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Critical Moisture Conditions for Mould Growth on Building Materials

Johansson, Pernilla LU (2008)
Abstract
Materials that are stored or used in damp climates may be subject to mould growth. However, all materials are not equally susceptible to mould growth. For each specific material, there is a critical moisture level. If this is exceeded,

there is a risk that mould fungi will develop on the material. In a building, different constructions are exposed to different climatic conditions. To minimise the risk of microbial growth, building materials should be chosen

that are tolerant to the expected climatic conditions.



In this study, the critical moisture levels for ten building materials were evaluated in constant climates, favourable for mould growth, in the laboratory. Samples of the building materials were... (More)
Materials that are stored or used in damp climates may be subject to mould growth. However, all materials are not equally susceptible to mould growth. For each specific material, there is a critical moisture level. If this is exceeded,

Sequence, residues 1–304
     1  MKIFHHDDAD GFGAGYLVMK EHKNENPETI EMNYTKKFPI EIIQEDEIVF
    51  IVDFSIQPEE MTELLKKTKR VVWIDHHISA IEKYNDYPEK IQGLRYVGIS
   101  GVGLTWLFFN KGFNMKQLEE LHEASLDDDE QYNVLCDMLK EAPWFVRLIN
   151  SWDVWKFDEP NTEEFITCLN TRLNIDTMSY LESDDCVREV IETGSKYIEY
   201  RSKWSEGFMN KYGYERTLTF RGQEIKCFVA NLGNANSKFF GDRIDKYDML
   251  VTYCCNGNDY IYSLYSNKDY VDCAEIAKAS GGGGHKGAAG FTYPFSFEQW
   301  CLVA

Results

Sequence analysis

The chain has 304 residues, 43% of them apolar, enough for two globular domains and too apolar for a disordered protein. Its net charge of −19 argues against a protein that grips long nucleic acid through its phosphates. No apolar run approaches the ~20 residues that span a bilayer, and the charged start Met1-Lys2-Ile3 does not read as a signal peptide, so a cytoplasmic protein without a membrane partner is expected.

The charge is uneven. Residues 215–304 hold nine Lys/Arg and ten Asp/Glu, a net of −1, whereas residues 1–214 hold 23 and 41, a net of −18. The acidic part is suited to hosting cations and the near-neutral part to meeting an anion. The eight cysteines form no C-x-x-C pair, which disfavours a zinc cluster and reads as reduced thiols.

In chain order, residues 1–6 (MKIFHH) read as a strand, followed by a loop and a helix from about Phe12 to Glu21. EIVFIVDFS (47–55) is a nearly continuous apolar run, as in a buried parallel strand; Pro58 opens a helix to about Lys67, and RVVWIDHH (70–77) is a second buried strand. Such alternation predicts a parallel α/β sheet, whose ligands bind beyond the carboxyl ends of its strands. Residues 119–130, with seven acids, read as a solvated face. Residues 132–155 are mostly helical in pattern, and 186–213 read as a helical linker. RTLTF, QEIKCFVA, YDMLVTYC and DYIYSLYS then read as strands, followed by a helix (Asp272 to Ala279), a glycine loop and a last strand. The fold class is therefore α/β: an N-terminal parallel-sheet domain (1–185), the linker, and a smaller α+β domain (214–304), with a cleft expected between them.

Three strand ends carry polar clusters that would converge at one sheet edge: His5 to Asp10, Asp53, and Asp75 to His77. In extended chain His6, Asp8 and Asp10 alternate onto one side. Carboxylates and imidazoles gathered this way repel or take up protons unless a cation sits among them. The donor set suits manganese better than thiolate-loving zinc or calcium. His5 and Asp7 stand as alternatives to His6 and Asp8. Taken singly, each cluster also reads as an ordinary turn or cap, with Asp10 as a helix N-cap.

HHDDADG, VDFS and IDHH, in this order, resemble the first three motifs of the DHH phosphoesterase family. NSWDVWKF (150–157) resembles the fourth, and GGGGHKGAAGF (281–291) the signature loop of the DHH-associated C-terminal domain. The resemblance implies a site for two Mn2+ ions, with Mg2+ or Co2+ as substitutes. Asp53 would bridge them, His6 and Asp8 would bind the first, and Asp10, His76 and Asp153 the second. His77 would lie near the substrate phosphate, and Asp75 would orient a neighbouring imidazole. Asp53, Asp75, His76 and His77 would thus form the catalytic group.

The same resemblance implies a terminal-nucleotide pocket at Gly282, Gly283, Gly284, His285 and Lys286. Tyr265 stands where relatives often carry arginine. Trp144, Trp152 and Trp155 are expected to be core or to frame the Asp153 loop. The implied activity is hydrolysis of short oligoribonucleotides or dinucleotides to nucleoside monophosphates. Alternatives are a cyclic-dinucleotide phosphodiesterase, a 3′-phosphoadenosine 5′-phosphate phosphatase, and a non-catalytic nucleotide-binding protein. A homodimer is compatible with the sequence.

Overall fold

there is a risk that mould fungi will develop on the material. In a building, different constructions are exposed to different climatic conditions. To minimise the risk of microbial growth, building materials should be chosen

that are tolerant to the expected climatic conditions.



In this study, the critical moisture levels for ten building materials were evaluated in constant climates, favourable for mould growth, in the laboratory. Samples of the building materials were inoculated with mould spores and incubated in climate chambers at different relative humidities and temperatures; growth of mould was analysed weekly for at least 12 weeks. In order to verify that the laboratory test is relevant also for real life conditions a field study was performed where pieces of the same materials as in the laboratory test were placed in three outdoor ventilated crawl spaces and three